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View Full Version : Lb/min to CFM for air?

Unregistered
02-04-2006, 07:49 AM
I'm trying to convert air flow in pounds per minute to cubic feet per minute. Is there a conversion for this? It doesn't seem logical to be able to convert a flow density unit to a flow volume. Also, I've heard that there is a method of detemining horsepower in a car using CFM. The conversion factor I've been given is 1.6 CFM = 1hp. Wouldn't temperature have to be taken into consideration? I would think that a car ingesting 500 CFM at 50 deg. F would make more power than 500 CFM at 80 deg. F. It seems to me that a conversion from lb/min to hp would be more accurate, no? Thank you.

Todd

Robert Fogt
02-06-2006, 10:11 AM
The temperature definately needs taken into account.

I have density data for dry air at 0º C. I could create the conversion for that temperature, but for other temperatures I would need to know the density.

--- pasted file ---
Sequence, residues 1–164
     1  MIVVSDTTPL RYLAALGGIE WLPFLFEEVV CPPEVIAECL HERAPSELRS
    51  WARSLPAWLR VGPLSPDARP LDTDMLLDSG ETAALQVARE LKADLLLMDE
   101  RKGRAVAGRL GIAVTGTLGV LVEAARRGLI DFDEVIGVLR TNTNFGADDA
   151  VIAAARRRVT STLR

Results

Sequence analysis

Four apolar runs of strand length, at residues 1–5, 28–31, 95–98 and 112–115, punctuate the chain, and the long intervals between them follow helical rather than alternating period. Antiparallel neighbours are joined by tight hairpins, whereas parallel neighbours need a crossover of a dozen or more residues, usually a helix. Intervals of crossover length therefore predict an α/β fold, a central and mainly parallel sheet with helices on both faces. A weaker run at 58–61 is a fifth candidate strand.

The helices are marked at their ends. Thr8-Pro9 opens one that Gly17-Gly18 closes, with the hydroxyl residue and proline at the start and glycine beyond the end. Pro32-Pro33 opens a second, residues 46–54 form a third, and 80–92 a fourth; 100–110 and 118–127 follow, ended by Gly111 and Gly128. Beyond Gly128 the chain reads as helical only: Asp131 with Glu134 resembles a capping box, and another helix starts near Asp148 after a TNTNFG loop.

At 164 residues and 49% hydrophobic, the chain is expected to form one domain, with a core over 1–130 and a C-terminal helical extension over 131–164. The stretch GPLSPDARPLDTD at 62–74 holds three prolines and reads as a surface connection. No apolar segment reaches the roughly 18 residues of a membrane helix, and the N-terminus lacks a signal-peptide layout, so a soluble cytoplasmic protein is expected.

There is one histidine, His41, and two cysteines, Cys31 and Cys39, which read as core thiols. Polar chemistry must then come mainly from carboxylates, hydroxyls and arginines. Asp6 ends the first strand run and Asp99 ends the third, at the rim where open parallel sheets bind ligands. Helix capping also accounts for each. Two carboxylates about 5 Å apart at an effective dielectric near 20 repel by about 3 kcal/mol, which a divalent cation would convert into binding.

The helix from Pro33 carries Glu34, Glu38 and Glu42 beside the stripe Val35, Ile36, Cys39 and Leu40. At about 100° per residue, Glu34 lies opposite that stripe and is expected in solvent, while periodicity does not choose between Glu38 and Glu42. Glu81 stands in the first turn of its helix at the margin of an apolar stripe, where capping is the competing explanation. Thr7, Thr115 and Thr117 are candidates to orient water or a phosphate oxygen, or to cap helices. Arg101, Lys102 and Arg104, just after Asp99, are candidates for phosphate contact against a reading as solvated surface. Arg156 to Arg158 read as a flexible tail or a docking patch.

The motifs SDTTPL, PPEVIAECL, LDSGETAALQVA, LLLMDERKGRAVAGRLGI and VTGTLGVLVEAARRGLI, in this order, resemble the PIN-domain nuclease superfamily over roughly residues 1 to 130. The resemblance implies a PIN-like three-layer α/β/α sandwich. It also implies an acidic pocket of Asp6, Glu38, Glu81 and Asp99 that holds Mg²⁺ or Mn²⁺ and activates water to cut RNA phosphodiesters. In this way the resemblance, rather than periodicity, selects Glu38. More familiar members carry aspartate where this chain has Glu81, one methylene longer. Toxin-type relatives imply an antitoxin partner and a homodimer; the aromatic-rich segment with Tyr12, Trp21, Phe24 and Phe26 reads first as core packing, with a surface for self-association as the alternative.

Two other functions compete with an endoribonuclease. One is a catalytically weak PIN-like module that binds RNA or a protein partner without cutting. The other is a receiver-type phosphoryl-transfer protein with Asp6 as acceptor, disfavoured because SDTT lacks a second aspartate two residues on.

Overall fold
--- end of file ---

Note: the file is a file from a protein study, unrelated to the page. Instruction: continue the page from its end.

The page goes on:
I think maybe the cooler the air the more it will expand when ignited with the fuel, giving more horsepower. Though being a computer nerd I've had little experience with automotive conversions. ;)

powerflowusa
02-16-2006, 06:53 PM
The temperature definitely needs taken into account.

I have density data for dry air at 0º C. I could create the conversion for that temperature, but for other temperatures I would need to know the density.

I think maybe the cooler the air the more it will expand when ignited with the fuel, giving more horsepower. Though being a computer nerd I've had little experience with automotive conversions. ;)

Yes this is true. HP is more based on the Fuel ratio and the Oxygen content, The cooler the air the more Oxygen molecules there are and more HP is produced. Same thing if you drive your car up in the mountains that's why cars feel like they make no power, Then you start changing things to compensate like the Pistons Compression Ratio will compensate across the board but there are many other things you can do too. Anyways.

Unregistered
03-30-2007, 04:07 PM
well a typical engine will make 9.5-10 hp per lb/min of air flow according to [..guest link posting not allowed..] they have all sorts of tech info like this on there. i would think you would have to find the mass of a particular volume of air (ex. cubic foot) at a certain temperature that you would normally operate your car in (ex. 70 deg.) and convert to find how many cubic feet of air at that temperature equals one pound. or vice versa.